Even though her name has now been cleared, Karina is heartbroken at the accusation, as she has spent nine years caring for her daughter under very distressing circumstances.
Melody was not expected to survive past the age of four and her parents live through every day knowing she could die at any moment.
The family were two days into a five-day stay at the hospice on June 8, in order to help staff understand Melody’s condition before an extended stay in August, when Karina administered her daughter a dose of drugs by pushing a button.
This was because Melody, who cannot vocalise her distress because she has very limited speech, was lashing out at medical staff.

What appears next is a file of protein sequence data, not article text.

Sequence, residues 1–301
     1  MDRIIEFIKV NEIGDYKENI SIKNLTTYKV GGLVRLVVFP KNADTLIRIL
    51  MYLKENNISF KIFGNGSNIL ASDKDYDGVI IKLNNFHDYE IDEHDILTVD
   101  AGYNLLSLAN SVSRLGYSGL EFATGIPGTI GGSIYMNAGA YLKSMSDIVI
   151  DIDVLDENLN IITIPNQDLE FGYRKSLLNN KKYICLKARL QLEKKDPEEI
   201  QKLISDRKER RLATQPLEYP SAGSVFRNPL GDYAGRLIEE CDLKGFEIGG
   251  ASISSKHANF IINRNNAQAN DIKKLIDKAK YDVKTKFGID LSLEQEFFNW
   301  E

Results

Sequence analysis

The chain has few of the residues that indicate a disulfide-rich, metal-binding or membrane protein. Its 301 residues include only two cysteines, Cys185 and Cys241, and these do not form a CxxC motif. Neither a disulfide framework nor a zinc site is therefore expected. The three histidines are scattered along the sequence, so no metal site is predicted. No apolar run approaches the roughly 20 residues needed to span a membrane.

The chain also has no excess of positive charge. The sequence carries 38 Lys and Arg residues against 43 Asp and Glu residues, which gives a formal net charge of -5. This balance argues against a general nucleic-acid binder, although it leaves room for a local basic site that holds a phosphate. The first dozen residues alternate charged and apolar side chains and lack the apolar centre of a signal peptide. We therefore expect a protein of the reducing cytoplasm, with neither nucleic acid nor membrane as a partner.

Karina says this meant Melody was in pain, and at immediate risk of bleeding, but a nurse who was present felt the girl was simply displaying challenging behaviour, and that the dose was unnecessary.
A safeguarding concern was raised by the nurse on July 13 and Karina was first made aware of it at the end of July when she was called into a meeting.
A separate complaint was also made against her husband Nigel, who was alleged to have shaken Melody to wake her up, risking her bleeding.
However, he too was found to have done nothing wrong.
Karina, and Nigel, 45, have two children together – Joshua, four, and one-year-old Logan – and Karina has a third son, Adam, 13, who, along with Melody, has a different biological dad.
She feels the accusation could have torn her entire family apart, and has never received an apology from the hospice.